More Time for President Koroma
Those who know him well would know of Dr Kamara’s APC pedigree even when he was Financial Secretary under the SLPP. However, the Foreign Minister has never been named in any internal squabbles for influence in the party; not while he was a civil servant nor as minister.
Dr Kamara’s indifference in the internal dynamics of the APC is convenient for President Koroma. It would be strategic for Dr Kamara (if elected president) to have (an ex) President Koroma remain as Leader and Chairman of the party. It also makes it easier for the president to sell him to the APC delegates, before the party’s final convention, as a suitable compromise candidate who could unite the various bickering factions in the party. Although, as a fellow Limba from Bombali (Dr Kamara is from Kamalo), the president will have to convincingly defend himself against any accusation of ethnic and geographic bias from most likely the Temne-Port Loko district caucus of his party.
Mamamah Airport Project and Relations with China
Dr Samura Kamara is strongly in favour of the Chinese-backed Mamamah Airport Project, a project President Koroma wants so badly to, at least, start before his term ends in November 2017. In an interview he granted to a local newspaper the Foreign Minister was quoted saying a new airport so close to Freetown, financed with concessional loan from the Chinese, will be “transformational” for the country’s economy.
Both the IMF and the World Bank have refused to back the Mamamah project, saying now is not the time for a new airport. However, president Koroma hopes that if anyone can convince the Boards of these two orthodox financial institutions to have a rethink of their position (now or in the near future) it would be one of their own – his Foreign Minister.
Dr Samura Kamara, like Dr Yumkella, is a self-confessed admirer of China’s development trajectory. He, like President Koroma and Dr Yumkella, has developed a close relationship with senior Chinese diplomats and politicians through direct bi-lateral engagements during official visits to Beijing as well as backstage of the Forum for China-Africa Cooperation (FOCAC) and at the UN. Also, as Coordinator of the African Union Committee of Ten Heads of State on the Reform of the United Nations Dr Kamara (in the spirit of South-South Cooperation) has had to maintain a position closer to China than to the West.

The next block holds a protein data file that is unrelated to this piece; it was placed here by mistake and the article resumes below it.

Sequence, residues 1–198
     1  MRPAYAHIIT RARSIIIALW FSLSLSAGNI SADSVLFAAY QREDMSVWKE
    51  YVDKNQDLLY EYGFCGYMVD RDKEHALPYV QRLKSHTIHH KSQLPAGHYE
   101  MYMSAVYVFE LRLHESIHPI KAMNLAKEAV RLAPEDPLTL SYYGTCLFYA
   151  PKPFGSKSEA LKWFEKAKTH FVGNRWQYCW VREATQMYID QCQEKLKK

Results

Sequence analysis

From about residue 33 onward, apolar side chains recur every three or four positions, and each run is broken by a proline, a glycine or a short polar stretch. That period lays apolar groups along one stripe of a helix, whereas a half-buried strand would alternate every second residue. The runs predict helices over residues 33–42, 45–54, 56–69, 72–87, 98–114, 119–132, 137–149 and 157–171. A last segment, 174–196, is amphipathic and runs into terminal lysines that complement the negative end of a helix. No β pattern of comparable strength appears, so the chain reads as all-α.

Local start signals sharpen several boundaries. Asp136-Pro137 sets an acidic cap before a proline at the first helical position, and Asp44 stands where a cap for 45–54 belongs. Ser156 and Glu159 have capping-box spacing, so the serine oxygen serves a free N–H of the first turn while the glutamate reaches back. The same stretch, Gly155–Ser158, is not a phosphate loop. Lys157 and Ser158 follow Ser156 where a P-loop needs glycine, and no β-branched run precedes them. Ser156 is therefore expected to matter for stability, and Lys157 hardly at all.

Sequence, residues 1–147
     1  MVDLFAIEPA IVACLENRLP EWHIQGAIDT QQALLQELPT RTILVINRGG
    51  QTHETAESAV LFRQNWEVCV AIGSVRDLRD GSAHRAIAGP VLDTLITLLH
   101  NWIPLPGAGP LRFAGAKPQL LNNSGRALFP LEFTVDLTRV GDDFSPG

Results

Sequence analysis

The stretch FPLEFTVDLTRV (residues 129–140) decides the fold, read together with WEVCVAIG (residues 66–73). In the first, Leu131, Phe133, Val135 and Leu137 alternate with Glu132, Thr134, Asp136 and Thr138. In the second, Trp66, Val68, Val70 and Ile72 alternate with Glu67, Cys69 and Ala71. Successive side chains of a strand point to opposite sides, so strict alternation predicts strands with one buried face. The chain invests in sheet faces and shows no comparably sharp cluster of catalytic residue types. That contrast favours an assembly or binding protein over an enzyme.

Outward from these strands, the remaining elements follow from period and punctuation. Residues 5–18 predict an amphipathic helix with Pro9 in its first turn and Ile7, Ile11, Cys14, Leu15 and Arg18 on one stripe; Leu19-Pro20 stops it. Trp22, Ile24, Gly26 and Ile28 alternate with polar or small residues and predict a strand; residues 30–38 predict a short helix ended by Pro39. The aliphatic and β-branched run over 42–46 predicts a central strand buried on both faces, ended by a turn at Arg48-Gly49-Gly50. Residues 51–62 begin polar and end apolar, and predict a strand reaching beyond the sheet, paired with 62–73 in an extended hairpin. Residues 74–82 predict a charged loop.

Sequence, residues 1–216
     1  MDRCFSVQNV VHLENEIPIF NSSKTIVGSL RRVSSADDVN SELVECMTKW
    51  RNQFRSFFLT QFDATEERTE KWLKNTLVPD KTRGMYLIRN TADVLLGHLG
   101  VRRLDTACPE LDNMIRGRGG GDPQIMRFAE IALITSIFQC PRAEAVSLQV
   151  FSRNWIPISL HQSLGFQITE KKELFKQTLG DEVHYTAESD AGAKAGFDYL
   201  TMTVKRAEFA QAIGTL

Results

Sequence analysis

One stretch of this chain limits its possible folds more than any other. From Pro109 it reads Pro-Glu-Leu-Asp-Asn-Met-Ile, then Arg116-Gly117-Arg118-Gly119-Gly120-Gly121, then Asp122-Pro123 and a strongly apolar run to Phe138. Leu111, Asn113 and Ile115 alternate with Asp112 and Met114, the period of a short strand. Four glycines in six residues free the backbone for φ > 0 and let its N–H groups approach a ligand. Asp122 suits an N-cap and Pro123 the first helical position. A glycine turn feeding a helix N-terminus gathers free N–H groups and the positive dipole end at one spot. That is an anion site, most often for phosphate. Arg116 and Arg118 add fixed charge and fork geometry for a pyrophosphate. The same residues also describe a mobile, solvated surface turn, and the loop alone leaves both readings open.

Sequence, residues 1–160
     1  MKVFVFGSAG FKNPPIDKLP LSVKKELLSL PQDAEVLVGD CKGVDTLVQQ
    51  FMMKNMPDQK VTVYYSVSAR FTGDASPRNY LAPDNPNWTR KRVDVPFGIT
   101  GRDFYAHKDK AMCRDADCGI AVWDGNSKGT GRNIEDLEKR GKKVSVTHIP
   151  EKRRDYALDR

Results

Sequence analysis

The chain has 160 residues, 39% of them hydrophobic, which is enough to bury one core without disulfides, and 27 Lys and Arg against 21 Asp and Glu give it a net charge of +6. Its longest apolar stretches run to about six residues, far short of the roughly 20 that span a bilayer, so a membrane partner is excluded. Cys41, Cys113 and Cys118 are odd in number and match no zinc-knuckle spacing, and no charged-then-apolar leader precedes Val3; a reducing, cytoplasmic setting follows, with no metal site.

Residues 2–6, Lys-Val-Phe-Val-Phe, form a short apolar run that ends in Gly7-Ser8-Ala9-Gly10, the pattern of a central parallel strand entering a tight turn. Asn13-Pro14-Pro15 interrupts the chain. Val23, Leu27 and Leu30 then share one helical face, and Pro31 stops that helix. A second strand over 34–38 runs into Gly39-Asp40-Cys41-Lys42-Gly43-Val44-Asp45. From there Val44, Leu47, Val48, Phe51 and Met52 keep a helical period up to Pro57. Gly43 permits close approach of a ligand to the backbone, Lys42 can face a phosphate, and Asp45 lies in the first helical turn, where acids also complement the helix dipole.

In May 2015, Dr Kamara penned an op-Ed ostensibly supporting the controversial Asian Infrastructure Investment Bank (AIIB), the Chinese conceptualized rival to the American controlled World Bank, even before it was incorporated in December 2015.
China is now, by any measure, the biggest player in the economy of Sierra Leone. Total recovery from the pervasive effects of the Ebola Outbreak on the economy will rely significantly on the recovery of the mining sector. It is not feasible that iron ore export will recover any time soon (not at a price below $70/ton). However, an injection of investment by the leading miner Shandong Iron and Steel Group (SISG) into the iron ore sector, to rollout the company’s delayed Phase 2 plans, will help reduce youth unemployment and resuscitate local businesses in the sector’s input supply chain. A fraction of that investment (total of about $ 900m) will also help build reserves and ease the pressure on the Leones.
Strong ties to China will be a huge advantage for President Koroma’s successor as president – whether from the APC or SLPP – at least in his first term in office. The next president of Sierra Leone has to acknowledge the fact that the government of China, which has a bridle over SISG, will have to approve the company’s operational plans hence must have direct communication to Beijing.
May the Best Man Win!
The opposition SLPP should not misread President Koroma’s refusal to publicly back his preferred successor (as Kabbah did for Berewah) as a lack of succession plan or a dereliction of his leadership responsibilities of his party. Nor should they bank too much on the political dividend to be derived from an APC implosion (or a PMDC-effect) as a winning strategy. The president will ensure that his party’s best will be on the ballot in 2018.
To improve their party’s odds of winning the presidency in 2018 the SLPP delegates must decide, without fear or favour, between Dr Yumkella and Brigadier Bio who would make the most formidable opponent to the BEST, certainly not the average or mediocre, the APC has to offer in the 2018 polls.
May the best man win his party’s nomination and in the presidential polls!